ALEPPO, Syria (Reuters) – Swaddled in white towels, the Mansour and Wafai families sat in an arched alcove of Aleppo’s Bab al-Ahmar public bathhouse, reviving their once-weekly tradition after years of war in Syria.
With steamy stone rooms, masseurs and traditional singers, the bathhouses have been a staple of Aleppo life for centuries. But located in the battle zone of the Old City, most had to close.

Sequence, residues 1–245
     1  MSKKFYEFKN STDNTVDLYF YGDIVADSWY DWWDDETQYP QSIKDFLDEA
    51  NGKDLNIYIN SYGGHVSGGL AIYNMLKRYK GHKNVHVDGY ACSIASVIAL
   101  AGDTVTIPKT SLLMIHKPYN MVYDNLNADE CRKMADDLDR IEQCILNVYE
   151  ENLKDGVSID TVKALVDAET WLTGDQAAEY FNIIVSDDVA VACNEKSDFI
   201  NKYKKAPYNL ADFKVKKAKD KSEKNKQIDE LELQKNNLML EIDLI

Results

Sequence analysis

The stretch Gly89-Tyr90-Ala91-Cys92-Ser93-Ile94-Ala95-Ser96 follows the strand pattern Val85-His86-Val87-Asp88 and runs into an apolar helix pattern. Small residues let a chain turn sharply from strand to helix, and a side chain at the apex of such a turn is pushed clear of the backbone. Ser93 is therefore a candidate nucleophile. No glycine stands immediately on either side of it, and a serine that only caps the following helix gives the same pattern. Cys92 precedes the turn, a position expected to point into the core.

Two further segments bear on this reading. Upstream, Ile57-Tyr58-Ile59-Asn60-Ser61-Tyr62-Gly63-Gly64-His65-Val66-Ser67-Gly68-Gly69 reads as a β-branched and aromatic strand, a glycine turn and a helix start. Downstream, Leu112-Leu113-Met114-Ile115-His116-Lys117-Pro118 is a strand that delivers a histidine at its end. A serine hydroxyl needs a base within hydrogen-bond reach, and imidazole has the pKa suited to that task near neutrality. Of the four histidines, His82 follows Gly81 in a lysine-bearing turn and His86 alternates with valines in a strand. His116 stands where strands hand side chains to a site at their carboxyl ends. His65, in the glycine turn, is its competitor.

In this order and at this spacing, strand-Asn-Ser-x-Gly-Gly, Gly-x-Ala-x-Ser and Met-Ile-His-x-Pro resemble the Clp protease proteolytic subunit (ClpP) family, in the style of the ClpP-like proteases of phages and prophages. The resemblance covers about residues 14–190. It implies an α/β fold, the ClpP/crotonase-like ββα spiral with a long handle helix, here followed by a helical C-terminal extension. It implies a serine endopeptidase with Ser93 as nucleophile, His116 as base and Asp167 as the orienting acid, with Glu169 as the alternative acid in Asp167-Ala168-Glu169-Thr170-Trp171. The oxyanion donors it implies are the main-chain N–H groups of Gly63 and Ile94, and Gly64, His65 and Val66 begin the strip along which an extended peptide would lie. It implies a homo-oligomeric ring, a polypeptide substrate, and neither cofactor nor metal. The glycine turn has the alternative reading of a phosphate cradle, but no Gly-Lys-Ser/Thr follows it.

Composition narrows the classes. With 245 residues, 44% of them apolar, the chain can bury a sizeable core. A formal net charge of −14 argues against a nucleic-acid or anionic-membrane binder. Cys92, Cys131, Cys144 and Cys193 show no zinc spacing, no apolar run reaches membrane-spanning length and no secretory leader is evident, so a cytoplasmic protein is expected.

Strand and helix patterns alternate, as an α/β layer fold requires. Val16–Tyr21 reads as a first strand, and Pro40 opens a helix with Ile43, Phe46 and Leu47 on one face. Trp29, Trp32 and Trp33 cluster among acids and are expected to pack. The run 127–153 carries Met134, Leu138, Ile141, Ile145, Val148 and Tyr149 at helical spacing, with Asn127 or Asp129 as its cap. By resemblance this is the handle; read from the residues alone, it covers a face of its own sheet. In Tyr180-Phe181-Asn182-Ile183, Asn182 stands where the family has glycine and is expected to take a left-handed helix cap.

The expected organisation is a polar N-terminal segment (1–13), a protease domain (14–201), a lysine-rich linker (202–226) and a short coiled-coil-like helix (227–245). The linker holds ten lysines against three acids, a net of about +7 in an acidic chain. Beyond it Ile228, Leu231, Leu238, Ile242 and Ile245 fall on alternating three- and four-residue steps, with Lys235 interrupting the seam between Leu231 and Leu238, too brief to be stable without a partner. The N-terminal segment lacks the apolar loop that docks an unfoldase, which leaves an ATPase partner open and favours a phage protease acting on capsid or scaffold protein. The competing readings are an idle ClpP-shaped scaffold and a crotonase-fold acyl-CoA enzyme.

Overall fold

Fighting in Aleppo ended in late 2016 although it goes on s elsewhere in Syria and four of the city’s 50 or so bathhouses have now reopened. They are drawing back some old customers – and new ones too young to remember life before the war.
Omar Mansour, 37, and his brother-in-law Malek Wafai, 36, used to bathe every Thursday night. This was their first visit back – and the first time for their sons, Jihad, 13, Laithullah, 11, Mohammed Nour, 10 and Yazan, 5.Read More